New (shorter) Google character limits for Page Title and Meta Description tags

In short: Google has changed the number of characters it displays for your Page Title and Meta Description in your search results.

Introducing new (shorter) Google character limits for Page Title and Meta Description tags.

Introducing new (shorter) Google character limits for Page Title and Meta Description tags.

The old Google character limits were:

70 characters for Page Title tag, and 150 characters for Meta Description.

The new limits are:

50 to 55 characters for Page Title tag, and 115 characters for the Meta Description.

Why worry about these new limits?

If you don’t shorten your meta data, your search engine listings risk looking incomplete – or worst case scenario, looking like complete gibberish. This is very likely to hurt the click-through rate to your website.

Let’s look at an example:

The Page Title for the home page of this website used to be as follows (and this was previously displayed in full on Google):

Writing service: Words By Cornelia is all about helping you sell more!

But now, the end of the sentence gets cut off and replaced with “…”:

Google-character-limit-page-title-tag

Eh?! “Words By Cornelia is all about helping you dot-dot-dot”? That doesn’t make much sense! An important part of my message (helping you sell more) has been rudely cut off!

And that’s not all – the Meta Description is getting truncated too – especially on mobile devices.

For example, here’s how the Google listing for my website copy page looks when viewed on Google on a desktop computer:

Google-character-limit-meta-description

But here’s how the same search result looks on my iPhone:

Google-character-limit-meta-description-iphone

Ugh, that’s not what I want! (So yes, I’ll be re-writing my own meta data, page by page, to get rid of the dot-dot-dots, and get my message across the way I want it.)

But why did Google make this change to character limits? And when?

Google most likely made the change to provide a better experience for people using their phones for search. After all, people are increasingly accessing the internet from smart phones.

This change started appearing around May 2014 , so even if your website went live or got updated quite recently, you will be affected by this change.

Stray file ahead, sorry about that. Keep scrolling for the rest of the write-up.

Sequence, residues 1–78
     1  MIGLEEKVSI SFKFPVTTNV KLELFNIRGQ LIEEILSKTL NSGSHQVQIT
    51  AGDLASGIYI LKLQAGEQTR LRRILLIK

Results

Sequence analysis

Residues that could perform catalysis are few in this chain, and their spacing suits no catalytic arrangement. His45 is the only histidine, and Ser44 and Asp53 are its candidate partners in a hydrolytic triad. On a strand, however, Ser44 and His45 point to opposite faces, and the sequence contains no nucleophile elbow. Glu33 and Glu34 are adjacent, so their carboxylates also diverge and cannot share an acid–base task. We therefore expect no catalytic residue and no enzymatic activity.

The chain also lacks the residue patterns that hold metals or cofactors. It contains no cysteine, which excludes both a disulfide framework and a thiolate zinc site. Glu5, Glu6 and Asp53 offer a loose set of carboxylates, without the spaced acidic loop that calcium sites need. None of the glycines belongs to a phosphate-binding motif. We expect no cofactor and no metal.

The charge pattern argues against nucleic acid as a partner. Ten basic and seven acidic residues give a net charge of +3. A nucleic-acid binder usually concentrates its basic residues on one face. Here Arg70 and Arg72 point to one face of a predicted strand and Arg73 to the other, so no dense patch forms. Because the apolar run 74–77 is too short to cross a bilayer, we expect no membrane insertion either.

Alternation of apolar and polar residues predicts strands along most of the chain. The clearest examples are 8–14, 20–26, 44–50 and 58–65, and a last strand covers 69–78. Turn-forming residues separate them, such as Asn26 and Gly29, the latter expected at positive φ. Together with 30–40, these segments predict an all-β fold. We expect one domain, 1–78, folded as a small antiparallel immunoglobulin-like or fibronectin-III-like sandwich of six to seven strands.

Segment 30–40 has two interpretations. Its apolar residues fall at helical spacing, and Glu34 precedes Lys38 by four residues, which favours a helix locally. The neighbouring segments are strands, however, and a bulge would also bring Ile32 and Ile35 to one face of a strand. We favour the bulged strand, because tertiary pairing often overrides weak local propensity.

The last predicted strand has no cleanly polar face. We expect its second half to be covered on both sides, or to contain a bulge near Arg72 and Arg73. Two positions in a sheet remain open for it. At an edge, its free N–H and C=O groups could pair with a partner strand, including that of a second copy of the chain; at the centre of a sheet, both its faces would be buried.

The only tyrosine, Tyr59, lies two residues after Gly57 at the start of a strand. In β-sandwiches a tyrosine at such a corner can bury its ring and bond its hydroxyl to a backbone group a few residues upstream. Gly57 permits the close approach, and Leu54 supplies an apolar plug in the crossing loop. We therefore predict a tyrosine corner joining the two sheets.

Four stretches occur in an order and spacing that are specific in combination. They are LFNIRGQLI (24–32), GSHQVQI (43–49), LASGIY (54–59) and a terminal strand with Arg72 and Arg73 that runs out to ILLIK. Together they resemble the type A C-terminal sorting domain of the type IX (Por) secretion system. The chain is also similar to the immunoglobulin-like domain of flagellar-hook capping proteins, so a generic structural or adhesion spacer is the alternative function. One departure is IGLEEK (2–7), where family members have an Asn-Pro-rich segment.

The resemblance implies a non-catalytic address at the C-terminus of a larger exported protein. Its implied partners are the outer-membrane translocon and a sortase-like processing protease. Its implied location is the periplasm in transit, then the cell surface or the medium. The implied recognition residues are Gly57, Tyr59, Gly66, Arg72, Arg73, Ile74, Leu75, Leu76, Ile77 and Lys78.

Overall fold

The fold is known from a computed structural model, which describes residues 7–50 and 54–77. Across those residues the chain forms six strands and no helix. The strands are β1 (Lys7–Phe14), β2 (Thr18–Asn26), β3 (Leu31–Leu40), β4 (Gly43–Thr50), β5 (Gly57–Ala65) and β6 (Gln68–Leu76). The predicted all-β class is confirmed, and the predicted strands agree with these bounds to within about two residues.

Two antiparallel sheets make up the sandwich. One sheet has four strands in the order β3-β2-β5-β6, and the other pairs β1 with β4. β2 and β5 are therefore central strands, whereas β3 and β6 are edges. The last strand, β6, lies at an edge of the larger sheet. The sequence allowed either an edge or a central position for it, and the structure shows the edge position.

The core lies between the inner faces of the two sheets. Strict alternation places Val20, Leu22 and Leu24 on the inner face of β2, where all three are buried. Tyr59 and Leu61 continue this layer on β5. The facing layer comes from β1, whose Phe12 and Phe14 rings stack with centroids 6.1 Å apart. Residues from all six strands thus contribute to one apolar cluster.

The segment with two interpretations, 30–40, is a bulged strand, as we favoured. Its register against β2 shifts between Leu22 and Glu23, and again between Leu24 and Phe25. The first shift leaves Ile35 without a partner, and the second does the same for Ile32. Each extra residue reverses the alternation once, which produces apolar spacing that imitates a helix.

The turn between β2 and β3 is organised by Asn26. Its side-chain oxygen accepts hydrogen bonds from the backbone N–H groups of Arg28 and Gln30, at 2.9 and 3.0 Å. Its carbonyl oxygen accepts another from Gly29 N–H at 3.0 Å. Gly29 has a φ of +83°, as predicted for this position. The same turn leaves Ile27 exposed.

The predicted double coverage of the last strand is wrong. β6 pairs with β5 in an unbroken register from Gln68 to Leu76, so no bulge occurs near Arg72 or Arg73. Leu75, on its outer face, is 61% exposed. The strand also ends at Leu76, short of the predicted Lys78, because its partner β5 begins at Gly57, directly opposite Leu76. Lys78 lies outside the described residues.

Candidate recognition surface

If beforehand you had a nice, catchy headline showing, it won’t be so catchy if there’s a bunch of dot-dot-dots!

Are these new Google character limits set in stone?

Nope, nothing with Google is permanent or set in stone.

And as you can see, there are variations from the desktop search experience to what you see on your smart phone – even with these changes.

But I definitely think it’s wise to embrace these shorter character limits. Any website copy I write for new clients will include meta data with these shorter character limits (and I’m contact existing clients to let them know if these changes to see what they’d like to do).

After all, website useage on mobile devices is on the rise all over the world, and it’s best practice to give users the best possible online experience.

What you need to do:

You need to review your existing meta data and make sure it’s working as hard for you as possible. After all, a bunch of dot-dot-dots isn’t going to compel Google users to click through to your site. Your meta data needs to be short, keyworded and punchy.

Also, make sure that any new pages (and also blog articles) stick to the new character limits.

Further reading

Here are some helpful articles on this topic: New Title Tag and Meta Description Character Lengths and New Title Tag Guidelines & Preview Tool from The Moz Blog.

 


Next step: Do you want help with writing Meta Data – or other website copy?

I’d love to help you with your website copy! You can see the kind of results I’ve achieved for my clients, and also get an idea of my pricing… and if that sounds like the level of attention and service you’re after, please contact me and tell me a bit about what you need. 🙂